Sarah Palin is a living, breathing Rorschach test. It doesn’t really matter what she says or does: Her fans and critics will see whatever they want to see.
So when she suddenly quit as Alaska’s governor on Friday, the analyses about what it all meant were decisive, predictable and mostly wrong.
The critics, when they weren’t speculating that a massive scandal would soon be unearthed to explain Palin’s hasty exit, proclaimed Palin’s move an act of political suicide that would ruin whatever hopes she has of mounting a credible presidential campaign in 2012.
The best example came from Bruce Reed, an old Bill Clinton adviser, who wrote a weekend column for Slate titled “Quitters Never Win.” Reed’s contention: Presidential candidates in the last 20 years can be separated into two groups: “quitters” and “perseverers”—with only the perseverers having success.
As evidence, Reed offers the examples of Gary Hart, John Edwards and Bill Bradley—“strategic quitters” who left the Senate several years before seeking the Democratic presidential nomination and losing. Contrast that track record, Reed says, with Bill Clinton and George W. Bush, both of whom successfully sought reelection in their home states two years before winning the presidency, and you’ll understand why Palin’s resignation dooms her for ’12.
Reed’s history lesson amounts to a sweeping conclusion in search of supporting evidence—the hallmark of ideologically motivated political analysis. His interpretation is, to put it politely, conveniently selective and highly misleading.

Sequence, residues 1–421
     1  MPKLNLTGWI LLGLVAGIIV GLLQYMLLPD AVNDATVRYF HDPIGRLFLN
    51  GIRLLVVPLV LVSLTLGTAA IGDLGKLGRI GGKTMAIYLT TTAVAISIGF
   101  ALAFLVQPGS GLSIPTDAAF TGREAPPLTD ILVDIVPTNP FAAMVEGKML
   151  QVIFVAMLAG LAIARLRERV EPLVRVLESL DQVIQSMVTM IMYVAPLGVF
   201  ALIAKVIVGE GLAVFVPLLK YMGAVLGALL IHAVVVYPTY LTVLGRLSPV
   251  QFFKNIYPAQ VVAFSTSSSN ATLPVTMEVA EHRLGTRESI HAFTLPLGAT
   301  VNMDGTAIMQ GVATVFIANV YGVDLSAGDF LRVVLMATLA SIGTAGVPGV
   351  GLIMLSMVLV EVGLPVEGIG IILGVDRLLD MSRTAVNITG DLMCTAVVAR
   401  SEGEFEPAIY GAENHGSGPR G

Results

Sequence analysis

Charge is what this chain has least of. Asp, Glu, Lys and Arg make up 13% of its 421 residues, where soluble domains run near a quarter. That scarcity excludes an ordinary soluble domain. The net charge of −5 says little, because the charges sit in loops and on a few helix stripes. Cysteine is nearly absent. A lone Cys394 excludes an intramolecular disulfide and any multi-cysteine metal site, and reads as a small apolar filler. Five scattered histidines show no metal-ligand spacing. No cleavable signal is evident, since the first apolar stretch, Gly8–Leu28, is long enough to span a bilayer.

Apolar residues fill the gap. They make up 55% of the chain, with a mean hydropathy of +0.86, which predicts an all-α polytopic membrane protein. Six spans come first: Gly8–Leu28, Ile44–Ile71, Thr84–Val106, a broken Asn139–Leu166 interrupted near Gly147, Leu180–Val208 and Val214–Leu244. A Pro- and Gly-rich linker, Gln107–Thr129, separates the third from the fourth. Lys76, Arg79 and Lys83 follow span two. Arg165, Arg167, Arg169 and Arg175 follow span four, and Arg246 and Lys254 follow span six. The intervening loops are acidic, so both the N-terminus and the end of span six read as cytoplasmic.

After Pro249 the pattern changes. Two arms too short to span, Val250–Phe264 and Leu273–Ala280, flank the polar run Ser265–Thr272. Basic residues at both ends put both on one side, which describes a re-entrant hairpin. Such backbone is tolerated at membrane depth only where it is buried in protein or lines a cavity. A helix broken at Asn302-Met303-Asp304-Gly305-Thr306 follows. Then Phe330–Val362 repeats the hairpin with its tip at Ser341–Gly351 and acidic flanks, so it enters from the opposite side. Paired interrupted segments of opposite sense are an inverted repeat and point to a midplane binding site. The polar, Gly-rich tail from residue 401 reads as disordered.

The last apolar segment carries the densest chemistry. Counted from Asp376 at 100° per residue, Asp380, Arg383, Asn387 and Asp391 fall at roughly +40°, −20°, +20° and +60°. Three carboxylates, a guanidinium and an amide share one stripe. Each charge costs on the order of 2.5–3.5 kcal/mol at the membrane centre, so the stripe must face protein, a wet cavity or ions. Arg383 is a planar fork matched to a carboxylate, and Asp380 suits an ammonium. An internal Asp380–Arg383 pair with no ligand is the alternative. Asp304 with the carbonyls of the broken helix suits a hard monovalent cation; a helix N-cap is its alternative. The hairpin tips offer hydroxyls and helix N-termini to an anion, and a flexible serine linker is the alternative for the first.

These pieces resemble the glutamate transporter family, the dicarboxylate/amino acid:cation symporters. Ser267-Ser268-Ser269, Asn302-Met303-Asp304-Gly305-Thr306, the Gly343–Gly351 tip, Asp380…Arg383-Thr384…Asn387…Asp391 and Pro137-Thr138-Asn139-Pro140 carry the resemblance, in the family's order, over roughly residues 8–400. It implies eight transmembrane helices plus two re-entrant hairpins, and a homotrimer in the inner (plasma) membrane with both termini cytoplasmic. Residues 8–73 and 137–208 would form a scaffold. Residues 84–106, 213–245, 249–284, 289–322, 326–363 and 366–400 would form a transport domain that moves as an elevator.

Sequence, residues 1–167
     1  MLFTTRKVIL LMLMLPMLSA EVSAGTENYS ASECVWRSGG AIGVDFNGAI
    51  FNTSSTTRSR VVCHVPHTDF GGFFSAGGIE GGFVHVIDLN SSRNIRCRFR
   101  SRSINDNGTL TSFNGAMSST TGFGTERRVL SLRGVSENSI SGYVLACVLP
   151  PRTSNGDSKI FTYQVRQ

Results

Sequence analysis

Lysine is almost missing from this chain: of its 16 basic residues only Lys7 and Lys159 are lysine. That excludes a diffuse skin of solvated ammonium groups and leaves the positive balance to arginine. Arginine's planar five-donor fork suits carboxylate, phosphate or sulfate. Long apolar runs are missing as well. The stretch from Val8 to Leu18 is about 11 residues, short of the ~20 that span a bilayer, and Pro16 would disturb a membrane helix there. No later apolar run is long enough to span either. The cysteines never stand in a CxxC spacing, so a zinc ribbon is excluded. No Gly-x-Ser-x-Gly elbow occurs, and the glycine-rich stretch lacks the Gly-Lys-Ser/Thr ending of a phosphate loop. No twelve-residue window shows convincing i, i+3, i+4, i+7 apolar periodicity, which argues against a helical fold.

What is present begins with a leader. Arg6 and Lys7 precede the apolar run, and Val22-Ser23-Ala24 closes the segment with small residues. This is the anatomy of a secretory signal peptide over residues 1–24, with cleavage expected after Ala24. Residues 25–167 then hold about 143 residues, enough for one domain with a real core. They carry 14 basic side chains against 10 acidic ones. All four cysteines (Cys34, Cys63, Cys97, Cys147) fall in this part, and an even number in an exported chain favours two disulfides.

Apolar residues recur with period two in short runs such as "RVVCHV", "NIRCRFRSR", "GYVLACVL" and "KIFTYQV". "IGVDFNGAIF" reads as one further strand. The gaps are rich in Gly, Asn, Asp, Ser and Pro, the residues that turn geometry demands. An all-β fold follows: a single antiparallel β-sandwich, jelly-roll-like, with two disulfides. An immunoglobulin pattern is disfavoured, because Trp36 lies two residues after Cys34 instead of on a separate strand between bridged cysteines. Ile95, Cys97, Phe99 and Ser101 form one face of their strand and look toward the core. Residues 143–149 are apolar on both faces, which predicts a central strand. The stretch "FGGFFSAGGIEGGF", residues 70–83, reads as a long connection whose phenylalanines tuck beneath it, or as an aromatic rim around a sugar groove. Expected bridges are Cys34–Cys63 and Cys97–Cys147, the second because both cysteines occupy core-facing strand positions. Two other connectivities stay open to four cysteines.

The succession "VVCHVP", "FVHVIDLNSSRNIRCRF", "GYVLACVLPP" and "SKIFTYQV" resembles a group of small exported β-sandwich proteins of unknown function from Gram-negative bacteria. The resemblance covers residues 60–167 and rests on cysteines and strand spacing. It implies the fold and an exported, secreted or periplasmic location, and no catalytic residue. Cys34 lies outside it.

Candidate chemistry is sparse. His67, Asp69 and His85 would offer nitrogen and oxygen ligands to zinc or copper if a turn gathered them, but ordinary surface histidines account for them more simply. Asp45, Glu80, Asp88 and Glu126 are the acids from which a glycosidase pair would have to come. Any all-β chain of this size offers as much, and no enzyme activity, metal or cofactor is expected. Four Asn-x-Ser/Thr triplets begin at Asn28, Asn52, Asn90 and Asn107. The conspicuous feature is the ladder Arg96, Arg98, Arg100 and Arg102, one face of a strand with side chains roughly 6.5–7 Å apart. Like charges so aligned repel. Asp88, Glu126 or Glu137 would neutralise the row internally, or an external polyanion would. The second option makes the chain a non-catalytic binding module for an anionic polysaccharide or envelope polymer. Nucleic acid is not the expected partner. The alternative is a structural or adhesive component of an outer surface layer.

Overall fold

First, consider the “strategic quitters” he cited. It’s true that Hart declined to seek reelection to his Senate seat in 1986 in order to run for the 1988 Democratic nomination, but that move had nothing to do with his defeat—it was his dalliance with Donna Rice in the spring of 1987 that did him in.
Reed fails to note that when the Rice scandal erupted, Hart—who had burst onto the national scene with his near-miss bid for the ’84 nod—was the overwhelming Democratic front-runner, fresh off a highly publicized trip to Moscow that had fortified his national security credentials. No one was seriously calling him a quitter for not seeking reelection in ’86, and it had no impact on his presidential campaign, so his example really doesn’t mean anything.
The same can be said of Edwards, who declined to seek a second Senate term in North Carolina in 2004. In fact, the evidence is pretty clear that Edwards’ Senate exit actually enhanced his prospects; only after leaving Washington was he able to define himself as the conscience of his party’s grass roots, “courageously” lashing out at the timidity of Congressional Democrats in the face of the Iraq war and the Bush agenda. No, he didn’t end up winning, but he would have been just as overshadowed by Barack Obama and Hillary Clinton had he stayed in the Senate, so his example doesn’t mean anything, either. (Reed also seems to suggest that Edwards wouldn’t have met Rielle Hunter had he stayed in the Senate; of course, it’s very possible he still would have—just as it’s possible he would have met another woman.)
Then there’s Bradley, whose 1996 exit from the Senate (after three terms) helped “cost him the Democratic nomination in 2000 to Al Gore, whose slogan was ‘stand and fight,’” according to Reed.
First, Gore’s refrain was actually “stay and fight.” Second, Reed forgets that Bradley actually had a solid rejoinder: “The problem is that people in Washington stay too long and fight too much.” More to the point, Bradley lost mainly because of the broad organizational and institutional support behind Gore, the popularity of Clinton and Bradley’s own lethargy on the stump. Does anyone seriously believe that Senator Bill Bradley would have fared any differently in 2000 than former Senator Bill Bradley did?